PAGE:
Defending itself against antitrust claims, AT&T says its proposed $85 billion merger with Time Warner will enable the company to better compete against cable companies and "insurgent tech giants."
"The proposed merger of AT&T and Time Warner is a procompetitive, pro-consumer response to an intensely competitive and rapidly changing video marketplace," AT&T argues in court papers filed this week with U.S. District Court Judge Richard Leon in Washington, D.C.
The telecom's papers come in response to the Justice Department's lawsuit to block the merger on the grounds that it will decrease competition and result in higher prices for consumers. The Justice Department said in court papers that the deal would leave AT&T in a position to harm video distributor rivals by raising their costs, resulting in higher bills for consumers. The government also said the deal would allow AT&T to hinder online distributors that threaten the pay TV model.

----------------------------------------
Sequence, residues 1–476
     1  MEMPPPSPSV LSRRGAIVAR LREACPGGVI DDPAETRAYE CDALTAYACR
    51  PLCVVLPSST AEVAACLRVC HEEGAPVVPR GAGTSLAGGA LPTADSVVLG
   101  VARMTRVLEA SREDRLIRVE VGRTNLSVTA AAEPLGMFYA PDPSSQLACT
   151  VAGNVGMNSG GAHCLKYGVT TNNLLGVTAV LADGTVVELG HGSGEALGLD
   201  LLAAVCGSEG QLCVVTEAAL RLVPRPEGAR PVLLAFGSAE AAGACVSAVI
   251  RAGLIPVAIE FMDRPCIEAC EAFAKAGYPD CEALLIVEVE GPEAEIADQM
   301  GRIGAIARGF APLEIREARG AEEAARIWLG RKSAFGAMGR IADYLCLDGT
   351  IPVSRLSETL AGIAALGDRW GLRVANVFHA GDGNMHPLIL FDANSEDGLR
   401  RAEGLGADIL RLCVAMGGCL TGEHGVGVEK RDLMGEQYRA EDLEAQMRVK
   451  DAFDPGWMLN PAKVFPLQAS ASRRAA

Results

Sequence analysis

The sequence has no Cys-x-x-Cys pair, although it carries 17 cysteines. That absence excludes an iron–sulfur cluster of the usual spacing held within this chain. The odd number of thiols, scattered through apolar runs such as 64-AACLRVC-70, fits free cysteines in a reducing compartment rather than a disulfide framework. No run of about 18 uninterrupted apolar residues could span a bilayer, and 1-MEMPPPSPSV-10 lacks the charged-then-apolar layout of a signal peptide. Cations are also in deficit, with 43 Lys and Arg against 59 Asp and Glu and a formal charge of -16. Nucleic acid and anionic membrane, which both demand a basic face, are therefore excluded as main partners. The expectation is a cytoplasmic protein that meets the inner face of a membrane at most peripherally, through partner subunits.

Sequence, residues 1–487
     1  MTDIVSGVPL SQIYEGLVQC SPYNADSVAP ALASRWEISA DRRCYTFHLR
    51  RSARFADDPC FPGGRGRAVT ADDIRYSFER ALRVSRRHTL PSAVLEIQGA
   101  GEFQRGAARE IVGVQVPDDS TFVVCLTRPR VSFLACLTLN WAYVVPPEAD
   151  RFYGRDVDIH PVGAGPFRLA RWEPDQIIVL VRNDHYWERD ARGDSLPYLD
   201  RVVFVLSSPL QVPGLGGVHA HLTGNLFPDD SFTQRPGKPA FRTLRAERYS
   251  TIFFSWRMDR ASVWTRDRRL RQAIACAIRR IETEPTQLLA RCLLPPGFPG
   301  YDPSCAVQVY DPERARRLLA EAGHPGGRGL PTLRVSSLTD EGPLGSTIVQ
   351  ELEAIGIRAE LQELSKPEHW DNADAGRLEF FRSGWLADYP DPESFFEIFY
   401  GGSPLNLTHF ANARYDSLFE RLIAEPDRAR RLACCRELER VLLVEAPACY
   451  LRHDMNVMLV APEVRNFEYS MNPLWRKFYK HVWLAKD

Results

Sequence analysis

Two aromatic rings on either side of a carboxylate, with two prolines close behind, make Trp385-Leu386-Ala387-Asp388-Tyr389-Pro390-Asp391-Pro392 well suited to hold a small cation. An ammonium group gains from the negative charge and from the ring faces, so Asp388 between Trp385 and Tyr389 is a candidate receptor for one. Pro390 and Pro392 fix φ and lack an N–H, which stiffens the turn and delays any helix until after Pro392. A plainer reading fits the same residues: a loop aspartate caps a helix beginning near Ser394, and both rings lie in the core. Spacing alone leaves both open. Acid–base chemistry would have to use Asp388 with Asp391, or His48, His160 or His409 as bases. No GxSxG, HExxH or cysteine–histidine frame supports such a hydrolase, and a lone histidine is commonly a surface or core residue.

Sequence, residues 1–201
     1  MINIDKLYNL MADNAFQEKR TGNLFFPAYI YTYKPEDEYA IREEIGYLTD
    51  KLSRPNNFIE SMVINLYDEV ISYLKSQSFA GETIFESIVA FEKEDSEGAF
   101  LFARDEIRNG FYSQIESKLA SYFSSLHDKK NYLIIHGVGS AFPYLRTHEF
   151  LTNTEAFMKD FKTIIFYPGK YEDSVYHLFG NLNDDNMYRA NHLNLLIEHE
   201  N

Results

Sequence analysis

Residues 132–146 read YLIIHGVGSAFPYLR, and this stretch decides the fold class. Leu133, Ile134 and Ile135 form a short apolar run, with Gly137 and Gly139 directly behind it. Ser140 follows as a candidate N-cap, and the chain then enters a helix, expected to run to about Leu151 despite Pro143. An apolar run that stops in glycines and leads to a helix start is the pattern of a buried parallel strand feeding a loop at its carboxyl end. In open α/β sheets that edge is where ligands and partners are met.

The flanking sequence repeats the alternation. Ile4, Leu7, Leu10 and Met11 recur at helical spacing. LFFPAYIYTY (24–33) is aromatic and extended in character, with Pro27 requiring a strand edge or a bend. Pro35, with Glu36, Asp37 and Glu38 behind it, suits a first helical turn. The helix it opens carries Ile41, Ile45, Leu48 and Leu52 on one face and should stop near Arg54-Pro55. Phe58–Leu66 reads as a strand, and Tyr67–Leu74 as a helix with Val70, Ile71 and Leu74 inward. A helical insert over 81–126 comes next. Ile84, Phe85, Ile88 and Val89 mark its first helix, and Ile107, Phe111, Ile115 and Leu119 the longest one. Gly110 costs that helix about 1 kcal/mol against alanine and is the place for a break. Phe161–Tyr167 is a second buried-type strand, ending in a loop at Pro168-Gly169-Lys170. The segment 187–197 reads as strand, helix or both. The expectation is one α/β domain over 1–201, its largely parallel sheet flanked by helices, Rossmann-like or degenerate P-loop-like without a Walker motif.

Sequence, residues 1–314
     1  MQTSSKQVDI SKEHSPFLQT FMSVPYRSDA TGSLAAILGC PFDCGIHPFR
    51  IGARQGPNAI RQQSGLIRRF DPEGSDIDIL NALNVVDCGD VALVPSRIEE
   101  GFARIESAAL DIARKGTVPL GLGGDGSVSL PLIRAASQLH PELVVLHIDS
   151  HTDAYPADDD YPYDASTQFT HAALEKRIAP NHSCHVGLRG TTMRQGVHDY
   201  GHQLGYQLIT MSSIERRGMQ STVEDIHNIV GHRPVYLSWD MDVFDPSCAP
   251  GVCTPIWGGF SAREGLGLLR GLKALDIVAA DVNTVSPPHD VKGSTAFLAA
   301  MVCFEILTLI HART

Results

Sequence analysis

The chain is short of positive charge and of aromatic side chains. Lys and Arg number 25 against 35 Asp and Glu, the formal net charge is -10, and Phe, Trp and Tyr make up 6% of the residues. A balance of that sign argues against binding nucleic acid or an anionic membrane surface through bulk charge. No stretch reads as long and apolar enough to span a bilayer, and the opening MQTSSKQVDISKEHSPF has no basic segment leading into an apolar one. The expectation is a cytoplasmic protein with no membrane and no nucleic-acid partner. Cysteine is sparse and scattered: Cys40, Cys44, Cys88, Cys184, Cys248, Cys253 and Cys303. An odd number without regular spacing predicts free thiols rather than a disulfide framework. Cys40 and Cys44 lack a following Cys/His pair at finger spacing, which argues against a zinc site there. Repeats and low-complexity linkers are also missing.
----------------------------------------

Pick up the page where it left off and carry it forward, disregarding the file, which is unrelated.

DOJ sued two weeks after reports surfaced that the Justice Department would not approve the deal unless AT&T sold CNN and other Turner properties. Those reports sparked concerns that the government was using its power to police antitrust as a pretext to strike at CNN for its news coverage -- which President Donald Trump has repeatedly criticized.
AT&T disputes the government's position, arguing that the deal will enable new offerings, including the ability to "develop an over-the-top path for Time Warner content to reach consumers directly."
The telecom also says the deal will allow it to launch new ad-supported video models. The company also says it has plans to draw on consumer data for ads as well as decisions about content and programming.
AT&T also disputes the idea that it could harm competitors by withholding Time Warner content. The telecom argues that Google's move to launch YouTubeTV without Time Warner programs proves that Time Warner content isn't "essential" to competitors.